In response, on July 2, 2007, the State filed a Memorandum in Opposition to the defendant's Motion to Quash Based on Equal Protection Grounds, challenging the equal protection and right to present a defense grounds asserted by defendant. The State contended that defendant's argument,

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wherein defendant claimed the unavailability of the consent defense set forth in La. R.S. 14:81.3(C)(1) infringes upon his right to present a defense, was without merit. Specifically, the State argued that fundamental rights include the right to vote, to have access to the courts, and to travel. According to the State, no part of La. R.S. 14:81.3 infringes upon the defendant's right of access to the courts or his ability to present a defense.11

On July 11, 2007, the trial court held a hearing on the defendant's Motion to Quash. At this hearing, the trial court heard the arguments of the parties relating to [2007-2377 La. 6] the equal protection and right to present a defense claims set forth by the defendant. The defendant asserted that La. R.S. 14:81.3 gives a defense to some offenders, but takes it away from others and, therefore, impedes a defendant's right to present a defense guaranteed under the Sixth Amendment to the United States Constitution.12 The State countered the defendant's argument by raising issues relating to the defendant's access to courts.13 The trial court judge, however, stated that he would examine the matter and make a ruling the following week, on July 18, 2007.14

On July 18, 2007, with only the State being present at the hearing, the matter came on for ruling on the defendant's Motion to Quash. The defendant's equal protection claim was addressed, but the trial court issued no ruling on the Motion to Quash. Instead, the trial court ordered the matter re-fixed for July 30, 2007, and stated that the parties would be permitted to supplement their memorandums by July 25, 2007.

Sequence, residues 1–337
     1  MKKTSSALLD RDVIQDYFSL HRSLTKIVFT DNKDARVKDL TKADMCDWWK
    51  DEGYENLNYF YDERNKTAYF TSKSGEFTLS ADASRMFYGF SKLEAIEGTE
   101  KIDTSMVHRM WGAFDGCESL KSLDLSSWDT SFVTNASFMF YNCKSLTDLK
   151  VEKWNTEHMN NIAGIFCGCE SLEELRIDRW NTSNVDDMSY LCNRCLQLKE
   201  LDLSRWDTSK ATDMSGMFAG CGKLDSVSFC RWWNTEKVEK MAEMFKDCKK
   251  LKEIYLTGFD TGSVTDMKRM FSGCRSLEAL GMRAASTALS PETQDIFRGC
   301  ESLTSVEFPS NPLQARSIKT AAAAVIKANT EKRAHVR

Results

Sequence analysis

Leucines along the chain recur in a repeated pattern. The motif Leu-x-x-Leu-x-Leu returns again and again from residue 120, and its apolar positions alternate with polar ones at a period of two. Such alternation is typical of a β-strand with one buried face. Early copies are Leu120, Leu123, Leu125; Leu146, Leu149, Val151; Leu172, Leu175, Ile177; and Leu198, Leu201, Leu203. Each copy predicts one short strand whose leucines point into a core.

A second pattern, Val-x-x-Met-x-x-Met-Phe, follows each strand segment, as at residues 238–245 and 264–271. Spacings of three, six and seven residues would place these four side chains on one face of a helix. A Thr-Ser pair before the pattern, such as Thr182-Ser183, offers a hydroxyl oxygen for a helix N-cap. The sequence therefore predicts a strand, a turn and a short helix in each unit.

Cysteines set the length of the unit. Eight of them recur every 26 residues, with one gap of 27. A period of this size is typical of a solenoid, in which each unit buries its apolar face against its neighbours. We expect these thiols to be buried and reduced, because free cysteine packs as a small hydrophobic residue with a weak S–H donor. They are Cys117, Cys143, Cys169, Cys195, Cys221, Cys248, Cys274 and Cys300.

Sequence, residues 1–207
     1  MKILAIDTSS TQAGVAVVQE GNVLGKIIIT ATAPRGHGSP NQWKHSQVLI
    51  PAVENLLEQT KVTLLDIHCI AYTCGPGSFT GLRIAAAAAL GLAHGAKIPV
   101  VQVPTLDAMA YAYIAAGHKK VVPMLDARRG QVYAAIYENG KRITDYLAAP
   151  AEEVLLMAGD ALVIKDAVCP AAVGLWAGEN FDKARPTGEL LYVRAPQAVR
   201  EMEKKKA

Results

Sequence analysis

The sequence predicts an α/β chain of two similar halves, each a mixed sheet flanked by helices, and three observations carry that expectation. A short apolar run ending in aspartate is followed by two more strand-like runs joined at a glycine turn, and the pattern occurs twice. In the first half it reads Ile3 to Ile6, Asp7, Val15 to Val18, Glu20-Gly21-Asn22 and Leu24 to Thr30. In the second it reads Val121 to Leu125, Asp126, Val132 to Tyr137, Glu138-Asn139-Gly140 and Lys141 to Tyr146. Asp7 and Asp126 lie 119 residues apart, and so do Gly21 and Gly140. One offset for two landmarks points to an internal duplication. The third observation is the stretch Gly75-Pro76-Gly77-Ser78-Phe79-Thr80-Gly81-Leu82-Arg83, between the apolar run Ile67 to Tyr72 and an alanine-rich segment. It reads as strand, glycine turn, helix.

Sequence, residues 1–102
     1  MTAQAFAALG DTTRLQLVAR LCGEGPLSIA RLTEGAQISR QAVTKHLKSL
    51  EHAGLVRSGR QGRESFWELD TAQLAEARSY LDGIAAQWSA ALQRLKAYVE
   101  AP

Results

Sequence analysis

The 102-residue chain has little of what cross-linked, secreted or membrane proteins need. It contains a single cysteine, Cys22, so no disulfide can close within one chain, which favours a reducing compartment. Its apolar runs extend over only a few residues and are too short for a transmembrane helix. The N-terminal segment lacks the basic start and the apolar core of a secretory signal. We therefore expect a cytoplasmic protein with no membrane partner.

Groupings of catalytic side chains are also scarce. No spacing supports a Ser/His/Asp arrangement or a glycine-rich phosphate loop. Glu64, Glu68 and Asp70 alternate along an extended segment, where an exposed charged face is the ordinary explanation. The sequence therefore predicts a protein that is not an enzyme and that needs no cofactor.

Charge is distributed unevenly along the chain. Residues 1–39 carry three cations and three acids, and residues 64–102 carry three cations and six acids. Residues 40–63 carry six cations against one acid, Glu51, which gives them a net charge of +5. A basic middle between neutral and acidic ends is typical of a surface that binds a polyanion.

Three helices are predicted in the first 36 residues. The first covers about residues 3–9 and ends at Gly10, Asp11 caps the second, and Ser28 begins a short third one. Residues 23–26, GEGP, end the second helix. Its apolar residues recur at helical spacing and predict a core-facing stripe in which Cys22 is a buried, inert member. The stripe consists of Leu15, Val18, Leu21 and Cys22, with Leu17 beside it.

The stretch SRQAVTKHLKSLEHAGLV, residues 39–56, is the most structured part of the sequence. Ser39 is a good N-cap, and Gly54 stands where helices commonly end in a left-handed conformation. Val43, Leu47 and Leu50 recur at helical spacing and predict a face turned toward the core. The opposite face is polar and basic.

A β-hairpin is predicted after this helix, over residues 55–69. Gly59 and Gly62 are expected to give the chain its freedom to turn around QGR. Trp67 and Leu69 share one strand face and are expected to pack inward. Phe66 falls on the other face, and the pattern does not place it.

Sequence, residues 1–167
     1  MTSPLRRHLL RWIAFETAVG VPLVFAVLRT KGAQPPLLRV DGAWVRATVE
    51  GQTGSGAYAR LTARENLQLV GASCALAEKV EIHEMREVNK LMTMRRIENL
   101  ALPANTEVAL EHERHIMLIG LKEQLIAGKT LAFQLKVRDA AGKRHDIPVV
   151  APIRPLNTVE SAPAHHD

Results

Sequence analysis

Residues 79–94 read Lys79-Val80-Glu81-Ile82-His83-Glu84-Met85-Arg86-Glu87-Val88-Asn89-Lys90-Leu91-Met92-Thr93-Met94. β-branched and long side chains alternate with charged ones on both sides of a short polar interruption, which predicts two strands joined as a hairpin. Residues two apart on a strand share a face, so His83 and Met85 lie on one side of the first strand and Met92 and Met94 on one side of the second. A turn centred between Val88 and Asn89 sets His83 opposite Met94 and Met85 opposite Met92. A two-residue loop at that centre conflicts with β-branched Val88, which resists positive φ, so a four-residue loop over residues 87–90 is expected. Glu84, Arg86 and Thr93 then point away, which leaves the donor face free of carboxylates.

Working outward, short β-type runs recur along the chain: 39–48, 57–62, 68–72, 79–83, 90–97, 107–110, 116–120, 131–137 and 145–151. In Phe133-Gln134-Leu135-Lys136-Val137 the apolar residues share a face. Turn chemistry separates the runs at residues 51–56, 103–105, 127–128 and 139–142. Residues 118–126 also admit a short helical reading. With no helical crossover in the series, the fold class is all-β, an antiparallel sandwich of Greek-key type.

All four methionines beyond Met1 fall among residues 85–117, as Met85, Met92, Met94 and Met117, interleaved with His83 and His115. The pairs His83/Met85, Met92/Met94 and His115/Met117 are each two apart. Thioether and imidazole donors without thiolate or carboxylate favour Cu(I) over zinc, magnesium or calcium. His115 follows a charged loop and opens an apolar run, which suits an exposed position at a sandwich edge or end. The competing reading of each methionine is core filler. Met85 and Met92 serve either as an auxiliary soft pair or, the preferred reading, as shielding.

Following the July 18, 2007, hearing, the State filed, on July 23, 2007, a [2007-2377 La. 7] Second Supplemental Memorandum in Opposition to Defendant's Motion to Quash Based upon Equal Protection Grounds, adopting by reference its previous memorandums and attachments thereto, and reiterated the legitimate state interests rationally related

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to La. R.S. 14:81.3, which it had set forth previously in its original opposition memorandum.

The defendant subsequently filed a Supplemental Memorandum in Support of Motion to Quash on October 22, 2007.15 In addition to the aforementioned arguments presented in his original Motion to Quash, defendant raised not only the additional constitutional ground of violation of free speech under La. Const. art. I,16 but also overbreadth and vagueness of La. R.S. 14:81.3 under the First and Fourteenth Amendments to the U.S. Constitution. Defendant claimed that La. R.S. 14:81.3 is unconstitutional on its face and as applied, and that no part of the statute can be severed to cure the constitutional defects. Additionally, defendant asserted that La. R.S. 14:81.3 is both overinclusive and underinclusive.

The trial court issued an oral ruling on the defendant's Motion to Quash on October 29, 2007.17 At the beginning of this hearing, the State asked the trial court [2007-2377 La. 8] to consider only the grounds raised in the defendant's Motion to Quash. Those issues were incorrectly identified by the trial court, the State, and the defendant as equal protection and access to the courts.18